Bargaining is very common in Madagascar. If you're buying something in a market or getting a taxi / pousse-pousse, you should absolutely negotiate down the price.
Also note that the currency is Ariary but many Malagasy, particularly in the north and south, will still quote prices in the old Franc. The Franc is about 5:1 with the Ariary (5,000 Franc = 1,000 Ariary = $0.50), so if a price seems high, it's always good to ask "Ariary or Franc?" to confirm.
French is an official language of Madagascar and if you speak it, you'll be able to get by. English is much less widely spoken, but most national parks will at least have one or two English speaking guides.
Malagasy is the main language of Madagascar, and it's worth learning a few words while you're there -- but keep in mind that there are 19 different dialects and variations between each location in Madagascar.
The hot, rainy season is from November to April and the cool, dry season is from May to October.
During the rainy season, it's recommended that you pack rain jackets, rain shoes, and waterproof bags in preparation. During the dry season, it's recommended that you pack loose fitting, cotton clothing for warmer weathern. Year-round, the temperature around Antananarivo and Antsirabe (the center of the country) is quite cool, so bring a jacket. A few other things you should pack include:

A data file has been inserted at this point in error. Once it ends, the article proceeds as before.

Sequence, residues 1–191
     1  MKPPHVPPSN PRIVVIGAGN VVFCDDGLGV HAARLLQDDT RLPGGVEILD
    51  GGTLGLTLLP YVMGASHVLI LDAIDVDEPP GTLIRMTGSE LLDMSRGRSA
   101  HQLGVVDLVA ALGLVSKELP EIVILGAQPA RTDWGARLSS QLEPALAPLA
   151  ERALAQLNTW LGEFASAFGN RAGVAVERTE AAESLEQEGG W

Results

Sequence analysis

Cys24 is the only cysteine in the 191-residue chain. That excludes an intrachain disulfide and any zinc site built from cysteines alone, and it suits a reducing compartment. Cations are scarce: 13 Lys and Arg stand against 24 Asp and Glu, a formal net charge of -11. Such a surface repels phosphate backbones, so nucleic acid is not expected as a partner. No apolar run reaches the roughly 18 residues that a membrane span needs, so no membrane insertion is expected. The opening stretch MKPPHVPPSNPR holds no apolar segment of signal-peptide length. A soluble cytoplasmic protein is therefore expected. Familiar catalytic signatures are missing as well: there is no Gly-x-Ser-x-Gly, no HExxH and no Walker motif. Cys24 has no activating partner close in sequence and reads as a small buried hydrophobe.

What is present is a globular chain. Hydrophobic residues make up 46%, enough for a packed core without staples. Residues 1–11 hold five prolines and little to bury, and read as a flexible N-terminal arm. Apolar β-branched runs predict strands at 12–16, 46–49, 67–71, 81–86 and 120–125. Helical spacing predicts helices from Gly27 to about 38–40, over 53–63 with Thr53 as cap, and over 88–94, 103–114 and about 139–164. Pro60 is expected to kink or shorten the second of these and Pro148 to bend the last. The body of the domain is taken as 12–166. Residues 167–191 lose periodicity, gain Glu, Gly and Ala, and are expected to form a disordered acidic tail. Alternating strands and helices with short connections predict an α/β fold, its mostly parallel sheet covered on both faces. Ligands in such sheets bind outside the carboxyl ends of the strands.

- Feminine products (they're available but expensive)
- Clothes you don't mind getting dirty
- Sturdy shoes
- Bug spray
- An electric voltage adapter/converter
Keep in mind as well that Madagascar is a fairly conservative country, especially in the highlands. Leave your shorts/miniskirts and shoulder-baring shirts at home.
Health & Safety
No vaccinations are required for Madagascar for those arriving from the US, but if you're passing through South Africa, you'll need proof of a yellow fever vaccine to enter and exit.
It's also recommended that you have Hepatitis A / B, rabies, typhoid, and tetanus vaccines before going.